If you love adding crunch to a salad, toasting up some pecans or walnuts can add so much deliciousness to a salad. 

Similarly, if you enjoy making baked goods like muffins, quick breads, and brownies, sprinkling some chopped maple toasted pecans on top adds lovely texture and flavor. Love ice cream? Sprinkle them on!

Candied pecans in a skillet, finished cooking.

Let’s discuss the simple ingredients list in detail. You can find the ingredients for this easy candied pecan recipe at any grocery store.

Ingredients for Candied Pecans:

Pecans: The star of the show here! Pick up some raw pecan halves (not roasted or salted) to make these easy candied nuts. You can also use any kind of nut, including raw walnuts or almonds instead of pecans.

Avocado Oil: We need to coat the nuts in some sort of fat to prevent them from burning during the toasting process and also to add rich flavor. I like using avocado oil because it is a high temperature cooking oil, but you can also use coconut oil, butter, or olive oil.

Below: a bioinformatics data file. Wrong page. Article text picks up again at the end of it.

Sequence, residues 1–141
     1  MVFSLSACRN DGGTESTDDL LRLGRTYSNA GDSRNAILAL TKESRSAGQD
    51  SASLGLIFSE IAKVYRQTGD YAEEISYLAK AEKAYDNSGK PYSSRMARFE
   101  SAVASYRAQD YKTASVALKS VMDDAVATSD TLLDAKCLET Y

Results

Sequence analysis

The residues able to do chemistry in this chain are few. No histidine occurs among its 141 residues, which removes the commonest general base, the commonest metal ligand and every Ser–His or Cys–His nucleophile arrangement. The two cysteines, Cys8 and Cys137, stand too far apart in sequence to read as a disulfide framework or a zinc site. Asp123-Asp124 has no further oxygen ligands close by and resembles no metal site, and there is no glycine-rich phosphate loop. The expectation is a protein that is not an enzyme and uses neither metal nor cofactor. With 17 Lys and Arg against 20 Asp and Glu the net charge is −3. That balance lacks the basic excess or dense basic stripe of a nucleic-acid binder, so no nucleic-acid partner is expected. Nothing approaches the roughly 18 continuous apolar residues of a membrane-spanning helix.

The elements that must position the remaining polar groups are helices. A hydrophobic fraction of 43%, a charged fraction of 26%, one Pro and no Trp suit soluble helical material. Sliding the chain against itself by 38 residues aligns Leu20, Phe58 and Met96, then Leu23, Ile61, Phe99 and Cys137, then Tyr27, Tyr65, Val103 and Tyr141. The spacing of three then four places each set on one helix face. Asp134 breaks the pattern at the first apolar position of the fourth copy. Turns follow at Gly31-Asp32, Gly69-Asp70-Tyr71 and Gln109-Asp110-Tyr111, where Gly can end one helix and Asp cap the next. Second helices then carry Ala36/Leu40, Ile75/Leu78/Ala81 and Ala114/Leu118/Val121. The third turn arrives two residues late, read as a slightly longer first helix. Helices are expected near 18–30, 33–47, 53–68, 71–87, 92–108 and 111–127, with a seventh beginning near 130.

Pure Maple Syrup: Rather than using brown sugar or white sugar to make candied pecans, I like using pure maple syrup for a refined sugar-free option.

I love the flavor it brings to the nuts and I also like that they turn out a little sticky.

For sweeter candied pecans, add 1 to 2 tablespoons of brown sugar in addition to the pure maple syrup. If you prefer using all brown sugar or regular cane sugar, use 2 to 4 tablespoons. 

Ground Cinnamon: A little pinch of cinnamon brings a warm nuance that pairs with nuts so well! Add it to your personal taste. You can also use pumpkin pie spice if you prefer. If you aren’t into cinnamon, you can skip it.